Early life and naval career

McGowan was born into a family of Irish descent in Newcastle, New South Wales, and was educated at public schools in Casino and Coffs Harbour, before obtaining a Bachelor of Arts degree in 1987 and a Bachelor of Laws in 1989 from the University of Queensland. He joined the Australian Labor Party in 1984, stating that he was inspired by the leadership of Prime Minister Bob Hawke. In 1989, he joined the Royal Australian Navy as a legal officer. He served at the naval base HMAS Stirling, reaching the rank of lieutenant. In 1996, he was awarded a Commendation for Brave Conduct, for actions he took on service in 1995 for rescuing an unconscious driver from a burning car.

Early political career

In 1994, after settling with his family in Western Australia, McGowan was elected to the City of Rockingham Council, and in 1995 was appointed Deputy Mayor. He was subsequently pre-selected to run for the Western Australian Legislative Assembly in the seat of Rockingham at the 1996 election, following the retirement of long-serving MP Mike Barnett.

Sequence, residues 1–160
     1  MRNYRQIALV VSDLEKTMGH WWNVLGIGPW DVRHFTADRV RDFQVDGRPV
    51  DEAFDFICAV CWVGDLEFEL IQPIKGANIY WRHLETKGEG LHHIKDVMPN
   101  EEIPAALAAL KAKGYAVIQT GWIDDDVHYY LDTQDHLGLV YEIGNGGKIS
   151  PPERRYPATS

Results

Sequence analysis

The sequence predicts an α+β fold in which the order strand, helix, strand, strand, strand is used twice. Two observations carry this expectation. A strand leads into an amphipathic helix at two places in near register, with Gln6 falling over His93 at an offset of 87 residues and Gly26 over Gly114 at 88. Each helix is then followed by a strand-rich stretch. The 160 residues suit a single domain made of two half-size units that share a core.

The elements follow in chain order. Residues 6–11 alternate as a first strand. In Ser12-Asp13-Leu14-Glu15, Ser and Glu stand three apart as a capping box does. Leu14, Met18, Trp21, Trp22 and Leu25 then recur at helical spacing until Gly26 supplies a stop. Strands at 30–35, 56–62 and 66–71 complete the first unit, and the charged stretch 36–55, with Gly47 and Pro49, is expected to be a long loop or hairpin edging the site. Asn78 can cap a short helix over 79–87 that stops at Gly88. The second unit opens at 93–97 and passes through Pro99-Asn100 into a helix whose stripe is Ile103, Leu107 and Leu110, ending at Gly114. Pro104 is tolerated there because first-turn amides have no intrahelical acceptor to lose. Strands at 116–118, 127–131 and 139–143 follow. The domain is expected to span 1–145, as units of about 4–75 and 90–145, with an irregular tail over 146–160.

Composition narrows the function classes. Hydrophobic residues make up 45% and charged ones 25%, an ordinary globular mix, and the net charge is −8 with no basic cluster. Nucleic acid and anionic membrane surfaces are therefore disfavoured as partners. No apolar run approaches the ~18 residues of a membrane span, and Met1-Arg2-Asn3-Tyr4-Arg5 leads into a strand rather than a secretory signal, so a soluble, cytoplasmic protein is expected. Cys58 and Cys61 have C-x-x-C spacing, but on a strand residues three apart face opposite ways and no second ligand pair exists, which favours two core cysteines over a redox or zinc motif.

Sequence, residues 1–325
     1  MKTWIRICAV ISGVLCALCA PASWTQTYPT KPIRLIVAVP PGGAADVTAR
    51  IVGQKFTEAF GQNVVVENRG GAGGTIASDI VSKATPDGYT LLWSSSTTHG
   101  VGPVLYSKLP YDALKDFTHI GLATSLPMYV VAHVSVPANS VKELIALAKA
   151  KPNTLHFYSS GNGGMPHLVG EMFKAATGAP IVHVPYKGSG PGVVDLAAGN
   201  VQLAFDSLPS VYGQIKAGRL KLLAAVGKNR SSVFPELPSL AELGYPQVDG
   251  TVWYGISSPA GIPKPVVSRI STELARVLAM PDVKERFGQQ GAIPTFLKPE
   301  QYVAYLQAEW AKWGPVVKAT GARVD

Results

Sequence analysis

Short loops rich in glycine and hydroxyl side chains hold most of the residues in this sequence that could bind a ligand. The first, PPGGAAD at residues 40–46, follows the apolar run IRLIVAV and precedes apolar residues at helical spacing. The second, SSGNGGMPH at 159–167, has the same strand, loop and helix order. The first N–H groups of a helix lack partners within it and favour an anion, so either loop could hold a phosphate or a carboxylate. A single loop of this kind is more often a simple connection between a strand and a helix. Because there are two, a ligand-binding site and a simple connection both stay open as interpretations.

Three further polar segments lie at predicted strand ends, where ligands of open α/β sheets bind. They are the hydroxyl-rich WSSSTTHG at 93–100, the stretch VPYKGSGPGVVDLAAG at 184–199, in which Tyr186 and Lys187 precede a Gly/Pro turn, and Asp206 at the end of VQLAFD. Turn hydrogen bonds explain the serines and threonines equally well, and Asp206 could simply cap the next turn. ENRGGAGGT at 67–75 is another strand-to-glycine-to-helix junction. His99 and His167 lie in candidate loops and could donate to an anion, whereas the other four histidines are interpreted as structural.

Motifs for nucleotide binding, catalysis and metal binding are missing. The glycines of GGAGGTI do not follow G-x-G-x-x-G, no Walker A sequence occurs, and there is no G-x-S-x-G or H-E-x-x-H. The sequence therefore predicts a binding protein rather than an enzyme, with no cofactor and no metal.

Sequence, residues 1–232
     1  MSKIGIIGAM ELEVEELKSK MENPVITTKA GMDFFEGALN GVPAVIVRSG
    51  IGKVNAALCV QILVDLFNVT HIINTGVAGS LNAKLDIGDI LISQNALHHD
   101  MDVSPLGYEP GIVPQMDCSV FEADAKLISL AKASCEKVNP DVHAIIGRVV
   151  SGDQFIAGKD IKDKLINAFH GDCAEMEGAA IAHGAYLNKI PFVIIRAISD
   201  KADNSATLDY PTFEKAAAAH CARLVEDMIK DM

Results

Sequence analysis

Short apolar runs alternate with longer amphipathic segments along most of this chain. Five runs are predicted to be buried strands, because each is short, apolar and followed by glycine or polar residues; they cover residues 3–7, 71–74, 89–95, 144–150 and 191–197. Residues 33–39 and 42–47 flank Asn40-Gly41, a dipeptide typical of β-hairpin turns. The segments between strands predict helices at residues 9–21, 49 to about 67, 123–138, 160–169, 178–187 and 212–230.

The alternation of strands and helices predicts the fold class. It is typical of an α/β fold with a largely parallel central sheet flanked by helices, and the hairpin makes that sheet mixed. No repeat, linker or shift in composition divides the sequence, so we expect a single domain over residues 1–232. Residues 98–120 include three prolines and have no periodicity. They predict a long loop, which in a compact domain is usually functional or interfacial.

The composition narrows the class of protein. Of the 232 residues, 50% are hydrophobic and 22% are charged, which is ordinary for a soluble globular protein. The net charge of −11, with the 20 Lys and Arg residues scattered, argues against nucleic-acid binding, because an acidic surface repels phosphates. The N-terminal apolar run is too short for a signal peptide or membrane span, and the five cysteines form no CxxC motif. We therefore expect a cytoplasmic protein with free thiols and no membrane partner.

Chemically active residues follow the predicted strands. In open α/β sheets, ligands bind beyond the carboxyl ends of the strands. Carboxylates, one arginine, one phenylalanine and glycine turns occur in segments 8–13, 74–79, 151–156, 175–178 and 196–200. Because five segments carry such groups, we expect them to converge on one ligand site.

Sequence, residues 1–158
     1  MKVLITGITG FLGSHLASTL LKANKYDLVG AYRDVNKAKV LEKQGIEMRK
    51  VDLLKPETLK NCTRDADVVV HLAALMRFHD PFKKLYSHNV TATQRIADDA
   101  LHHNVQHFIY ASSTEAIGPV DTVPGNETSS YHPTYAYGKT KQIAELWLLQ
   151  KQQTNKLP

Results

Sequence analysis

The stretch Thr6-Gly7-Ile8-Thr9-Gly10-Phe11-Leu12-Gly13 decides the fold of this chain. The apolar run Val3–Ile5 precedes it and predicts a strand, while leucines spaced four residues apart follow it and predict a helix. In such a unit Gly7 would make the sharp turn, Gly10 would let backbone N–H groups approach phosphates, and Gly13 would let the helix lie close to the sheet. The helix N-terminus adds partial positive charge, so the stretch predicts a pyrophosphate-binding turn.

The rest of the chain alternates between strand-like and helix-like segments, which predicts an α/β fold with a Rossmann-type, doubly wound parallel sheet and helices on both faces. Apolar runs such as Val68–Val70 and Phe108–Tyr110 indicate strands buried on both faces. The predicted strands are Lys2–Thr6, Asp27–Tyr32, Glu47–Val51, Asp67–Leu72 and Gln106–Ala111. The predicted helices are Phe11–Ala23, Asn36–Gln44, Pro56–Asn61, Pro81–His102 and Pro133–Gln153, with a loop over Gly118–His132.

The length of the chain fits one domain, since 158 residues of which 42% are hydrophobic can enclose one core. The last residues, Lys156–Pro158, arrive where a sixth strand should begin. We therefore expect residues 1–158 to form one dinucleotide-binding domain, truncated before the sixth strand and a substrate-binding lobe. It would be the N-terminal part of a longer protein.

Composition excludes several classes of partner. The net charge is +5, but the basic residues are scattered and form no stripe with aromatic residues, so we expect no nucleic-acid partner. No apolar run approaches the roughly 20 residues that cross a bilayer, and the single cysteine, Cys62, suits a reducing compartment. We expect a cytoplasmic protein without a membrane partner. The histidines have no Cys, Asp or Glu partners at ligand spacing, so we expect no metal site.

At the 2001 election, Labor defeated the Liberal–National Government; new Premier Geoff Gallop chose to appoint McGowan as his Parliamentary Secretary. McGowan was also responsible for chairing the state's ANZAC Committee, the group managing the Western Australia's 175th anniversary celebrations in 2004, and for chairing the Bali Memorial Steering Committee. In January 2005, following the retirement of federal Labor Leader Mark Latham from politics, McGowan was criticised in some quarters for taking unapproved leave to travel to Sydney to lobby for Kim Beazley's return to the federal leadership; Gallop reprimanded McGowan and ordered him to return to Perth.